from Bratčice (mostly silt)) 800 g, slurry from Bratčice (0–0.5 mm) 3 kg, Bratčice sand 0–2 mm 2 kg, water is added until mixture can be applied as thin whitewash.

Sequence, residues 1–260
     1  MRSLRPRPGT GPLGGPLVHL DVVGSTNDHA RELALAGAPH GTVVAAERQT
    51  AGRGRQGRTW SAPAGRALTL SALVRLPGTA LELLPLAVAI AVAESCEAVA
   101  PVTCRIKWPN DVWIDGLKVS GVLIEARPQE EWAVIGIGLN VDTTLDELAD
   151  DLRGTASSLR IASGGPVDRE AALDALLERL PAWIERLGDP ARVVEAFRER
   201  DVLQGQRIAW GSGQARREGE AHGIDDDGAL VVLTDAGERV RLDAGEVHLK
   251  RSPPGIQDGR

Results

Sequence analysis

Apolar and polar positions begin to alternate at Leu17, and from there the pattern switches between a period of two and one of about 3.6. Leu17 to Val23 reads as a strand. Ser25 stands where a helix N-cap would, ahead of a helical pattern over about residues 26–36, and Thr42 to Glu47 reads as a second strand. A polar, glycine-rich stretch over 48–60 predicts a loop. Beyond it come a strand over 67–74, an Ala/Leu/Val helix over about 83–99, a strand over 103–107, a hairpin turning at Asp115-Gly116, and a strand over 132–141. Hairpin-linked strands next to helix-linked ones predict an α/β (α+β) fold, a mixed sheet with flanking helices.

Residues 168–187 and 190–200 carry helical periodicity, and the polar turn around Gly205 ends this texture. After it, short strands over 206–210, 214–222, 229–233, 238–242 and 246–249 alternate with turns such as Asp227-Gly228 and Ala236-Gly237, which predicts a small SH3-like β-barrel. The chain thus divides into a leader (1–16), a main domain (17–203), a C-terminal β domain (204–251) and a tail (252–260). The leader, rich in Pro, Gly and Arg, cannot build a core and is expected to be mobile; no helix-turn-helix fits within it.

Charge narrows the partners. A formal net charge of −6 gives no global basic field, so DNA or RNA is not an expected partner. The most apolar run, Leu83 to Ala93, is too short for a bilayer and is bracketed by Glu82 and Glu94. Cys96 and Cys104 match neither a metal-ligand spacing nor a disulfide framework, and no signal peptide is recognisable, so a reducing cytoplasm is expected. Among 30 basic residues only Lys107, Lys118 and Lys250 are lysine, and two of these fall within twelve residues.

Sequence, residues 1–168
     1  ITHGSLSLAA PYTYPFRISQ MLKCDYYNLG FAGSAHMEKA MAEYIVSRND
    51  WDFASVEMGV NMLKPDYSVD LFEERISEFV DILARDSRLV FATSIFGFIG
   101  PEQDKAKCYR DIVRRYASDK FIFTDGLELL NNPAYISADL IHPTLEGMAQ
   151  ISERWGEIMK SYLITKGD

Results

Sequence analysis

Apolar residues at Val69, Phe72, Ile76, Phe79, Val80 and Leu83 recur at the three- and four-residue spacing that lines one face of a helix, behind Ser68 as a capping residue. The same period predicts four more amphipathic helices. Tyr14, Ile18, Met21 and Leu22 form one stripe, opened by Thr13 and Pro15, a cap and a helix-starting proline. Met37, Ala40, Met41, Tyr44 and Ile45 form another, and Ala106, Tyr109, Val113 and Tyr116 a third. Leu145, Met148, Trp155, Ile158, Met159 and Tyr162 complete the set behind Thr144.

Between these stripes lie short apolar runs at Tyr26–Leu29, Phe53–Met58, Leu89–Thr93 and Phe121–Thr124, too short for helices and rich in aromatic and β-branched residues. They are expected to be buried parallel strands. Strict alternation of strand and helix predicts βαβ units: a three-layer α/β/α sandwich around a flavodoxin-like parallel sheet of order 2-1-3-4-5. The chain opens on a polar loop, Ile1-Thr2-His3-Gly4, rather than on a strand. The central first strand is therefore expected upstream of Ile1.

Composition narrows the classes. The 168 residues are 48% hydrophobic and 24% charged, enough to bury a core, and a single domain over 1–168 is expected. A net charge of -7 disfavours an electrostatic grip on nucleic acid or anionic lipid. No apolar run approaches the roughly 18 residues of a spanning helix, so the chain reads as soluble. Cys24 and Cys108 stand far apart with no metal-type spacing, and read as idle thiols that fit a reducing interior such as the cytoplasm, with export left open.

Particularly successful was the collaboration with Michal Pech, site manager, conservator and technologist of the company Art Kodiak 264, who was commissioned with the restoration of the wall surfaces.265 During the pilot work preparation 266 we Due especially to refined the methodological restoration details. In 2004/2005, the almost nightly therwe had already developed broad guidelines for it as part of our conmal condensation, the servation-science investigations (CIC).267 The damaging slurdissolution and crystallisation processes that ries containing cement and resin from 1985 and the crusted and lead to sintering (calcite aesthetically disturbing residues of the whitewash applied crystals enlargement) and the darkening of the during early repairs (1931–65) had to be removed first of all. The whitewash; see Ivo mildest mechanical removal method proved to be with pneuHammer (2003). In some areas, the architects matic micro chisels, but also the needle scalers proposed by were obliged to cover the Josef Červinka gave good results exercised with reasonable original plaster on the grounds of preserving diligence.268 The chemical reconversion of gypsum crust into the aesthetic integrity lime was technically necessary not only in terms of porosity, but of the façade (not technically necessary reaalso contributed to the visual restoration of the original ‘polysons) by using a thin new chrome’ appearance. plaster layer, such as was the case on the southThe final whitewash done in the old artisan tradition eastern wall, the north (applying numerous thin coats) contained for pigmentation pureastern wall of the garden poses fine slurry of Bratčice sand and no organic glue. 269 terrace and the southwestern wall. The fine sand grains and their vivid colours produce in the protective coating the type of brilliance that we discovered in the original surface. The periodical care and the resulting aesthetic effects of a historic building are also part of its history and its authentic appearance. The historical whitewash technique of the façade coating is compatible with the hydrophilic wall and its coating, it is part of the material system, which requires periodic care and also simultaneously ensures its preservation. On the north-east wall we left in a protected area a larger, ‘archaeological display window’, a ‘campione’ where the almost untouched original surface of the façade can be viewed (remains of the façade paint from 1985 were left in an un-disturbing place, also displaying the different earlier maintenance coats). The recent whitewashing is slightly lighter than the original surface due to technical reasons: In this way, we allow for the fact that the lime darkens with age.270 270